Feed Regulatory Renewal Consolidated Modernized Framework Proposal – November 2015
Support for Small Businesses
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The CFIA is sensitive to the needs of small businesses and aware of the importance of finding the right balance between maximizing feed safety and minimizing administrative burden.
The following three elements of the proposed regulatory framework are deemed essential elements of the feed safety framework, regardless of organizational size:
- Permissions: So the CFIA knows who is doing what with feed for the purpose of oversight and, if necessary, enforcement. In addition, the CFIA would be able to reach out to small and medium businesses to ensure they are aware of their regulatory obligations, and to share compliance promotion information.
- Feed safety requirements: The proposed regulations would establish basic requirements for feed safety (e.g. sanitation, hygiene, pest control) with which everyone who manufactures, sells or imports feed would be required to comply.
- Traceability: The ability to trace a feed's path one step forward and one step back – to reduce the time it takes to locate and remove unsafe products from the market.
A "Small Business" is defined as …
… any business with fewer than 100 employees or between $30,000 and $5 million in annual gross revenues.
Given that the scope of the "small business" definition could still result in significant administrative burden on very small business with respect to the three (3) essential food safety framework elements identified above, a "micro-business" is further defined as follows for the purpose of this proposal:
"Any business with fewer than 5 employees and less than $30,000 in annual gross revenues" .
It is proposed that micro-businesses, at the time of application for a permission, be exempt from preparing a written PCP. The exemption would reflect the fact that these micro-businesses are generally less complex. However, the proposal is that this exemption will not be available for permission holders manufacturing feeds that are internationally recognized as having feed safety risks which require appropriate controls (i.e. medicated feeds, handling prohibited material). As risk ranking tools evolve, additional feeds could be excluded from the exemption through regulatory amendment.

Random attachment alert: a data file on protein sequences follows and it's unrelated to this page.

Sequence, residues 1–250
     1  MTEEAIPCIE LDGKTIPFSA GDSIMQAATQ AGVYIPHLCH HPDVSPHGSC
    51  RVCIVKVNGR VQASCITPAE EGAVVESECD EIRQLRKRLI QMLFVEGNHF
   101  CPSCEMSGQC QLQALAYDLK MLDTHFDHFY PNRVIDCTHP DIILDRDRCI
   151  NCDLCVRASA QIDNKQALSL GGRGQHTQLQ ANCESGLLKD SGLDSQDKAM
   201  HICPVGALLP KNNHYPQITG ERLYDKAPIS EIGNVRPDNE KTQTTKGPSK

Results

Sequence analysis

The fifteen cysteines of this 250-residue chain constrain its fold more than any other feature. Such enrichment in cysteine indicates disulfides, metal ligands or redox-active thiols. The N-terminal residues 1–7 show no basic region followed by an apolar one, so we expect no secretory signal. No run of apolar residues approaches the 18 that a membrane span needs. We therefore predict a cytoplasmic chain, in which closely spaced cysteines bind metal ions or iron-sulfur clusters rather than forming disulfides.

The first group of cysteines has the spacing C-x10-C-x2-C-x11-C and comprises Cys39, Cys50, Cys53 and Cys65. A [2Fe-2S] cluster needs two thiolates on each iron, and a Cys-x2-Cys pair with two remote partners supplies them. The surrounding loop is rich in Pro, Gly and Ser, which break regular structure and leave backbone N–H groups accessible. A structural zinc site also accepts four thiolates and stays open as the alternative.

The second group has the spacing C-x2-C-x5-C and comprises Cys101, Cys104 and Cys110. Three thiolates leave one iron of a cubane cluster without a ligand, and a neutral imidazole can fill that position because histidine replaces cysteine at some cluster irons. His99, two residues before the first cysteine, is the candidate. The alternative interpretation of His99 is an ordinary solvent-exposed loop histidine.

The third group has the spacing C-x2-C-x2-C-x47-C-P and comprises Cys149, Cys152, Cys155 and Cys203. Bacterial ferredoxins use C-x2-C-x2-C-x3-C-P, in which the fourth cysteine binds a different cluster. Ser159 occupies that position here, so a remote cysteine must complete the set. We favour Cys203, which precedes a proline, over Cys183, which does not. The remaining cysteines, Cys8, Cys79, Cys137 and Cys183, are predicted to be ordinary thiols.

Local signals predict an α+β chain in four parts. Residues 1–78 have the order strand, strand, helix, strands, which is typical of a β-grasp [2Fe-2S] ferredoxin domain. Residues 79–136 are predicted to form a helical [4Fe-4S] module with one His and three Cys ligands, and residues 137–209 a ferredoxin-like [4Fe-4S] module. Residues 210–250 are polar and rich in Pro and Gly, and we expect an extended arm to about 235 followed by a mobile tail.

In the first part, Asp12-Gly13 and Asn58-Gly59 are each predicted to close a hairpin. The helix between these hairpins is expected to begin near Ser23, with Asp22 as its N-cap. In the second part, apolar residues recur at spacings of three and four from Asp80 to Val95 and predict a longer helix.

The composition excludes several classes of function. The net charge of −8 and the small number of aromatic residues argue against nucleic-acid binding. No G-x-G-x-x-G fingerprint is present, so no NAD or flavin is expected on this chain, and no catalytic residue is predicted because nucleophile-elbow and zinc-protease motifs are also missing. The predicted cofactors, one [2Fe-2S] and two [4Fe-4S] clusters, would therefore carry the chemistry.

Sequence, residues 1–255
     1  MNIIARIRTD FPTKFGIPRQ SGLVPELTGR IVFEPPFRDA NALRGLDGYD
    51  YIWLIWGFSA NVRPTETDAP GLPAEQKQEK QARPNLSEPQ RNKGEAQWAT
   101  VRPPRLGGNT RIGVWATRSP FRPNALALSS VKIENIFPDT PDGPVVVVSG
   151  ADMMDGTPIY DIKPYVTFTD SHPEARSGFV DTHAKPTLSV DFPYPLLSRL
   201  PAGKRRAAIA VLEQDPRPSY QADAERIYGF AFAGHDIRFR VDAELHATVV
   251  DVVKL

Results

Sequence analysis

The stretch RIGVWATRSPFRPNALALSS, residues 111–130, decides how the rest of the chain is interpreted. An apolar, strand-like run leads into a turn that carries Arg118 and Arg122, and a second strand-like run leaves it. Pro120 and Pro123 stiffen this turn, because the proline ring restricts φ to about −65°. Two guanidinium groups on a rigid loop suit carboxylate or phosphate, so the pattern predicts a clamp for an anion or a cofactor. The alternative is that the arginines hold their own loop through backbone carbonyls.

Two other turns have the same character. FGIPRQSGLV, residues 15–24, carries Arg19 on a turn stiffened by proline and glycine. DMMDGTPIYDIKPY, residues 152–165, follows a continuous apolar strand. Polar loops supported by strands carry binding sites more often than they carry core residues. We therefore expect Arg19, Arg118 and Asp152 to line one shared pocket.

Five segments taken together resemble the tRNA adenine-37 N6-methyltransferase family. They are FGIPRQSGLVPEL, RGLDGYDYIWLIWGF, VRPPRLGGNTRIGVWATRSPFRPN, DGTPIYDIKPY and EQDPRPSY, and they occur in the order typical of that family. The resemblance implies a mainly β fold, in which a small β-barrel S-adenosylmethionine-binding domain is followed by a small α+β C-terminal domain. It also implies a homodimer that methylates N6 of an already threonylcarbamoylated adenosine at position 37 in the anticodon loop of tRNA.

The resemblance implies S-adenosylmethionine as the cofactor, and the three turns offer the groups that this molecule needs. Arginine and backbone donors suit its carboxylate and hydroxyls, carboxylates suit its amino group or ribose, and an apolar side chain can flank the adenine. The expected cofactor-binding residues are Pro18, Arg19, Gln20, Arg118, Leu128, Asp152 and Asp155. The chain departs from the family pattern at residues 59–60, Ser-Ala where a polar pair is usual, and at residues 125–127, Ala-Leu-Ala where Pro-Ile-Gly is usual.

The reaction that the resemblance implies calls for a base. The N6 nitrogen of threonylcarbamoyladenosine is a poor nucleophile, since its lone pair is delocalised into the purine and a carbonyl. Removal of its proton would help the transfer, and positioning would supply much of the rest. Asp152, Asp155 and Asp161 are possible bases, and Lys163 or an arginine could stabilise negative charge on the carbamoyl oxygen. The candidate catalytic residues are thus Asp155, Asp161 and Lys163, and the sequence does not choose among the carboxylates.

In addition, the vast majority of small and micro-businesses would be given additional time to comply with certain requirements of the proposed regulations.
The CFIA will also develop a comprehensive compliance promotion strategy for small and medium businesses. Using the licensing information CFIA will be able to identify and reach out specifically to these businesses with plain language guidance material on how to comply with their regulatory obligations.
Finally, the CFIA will work with industry leaders and academic institutions to encourage a culture of feed safety, sharing of best practices in Canada and new opportunities for training.
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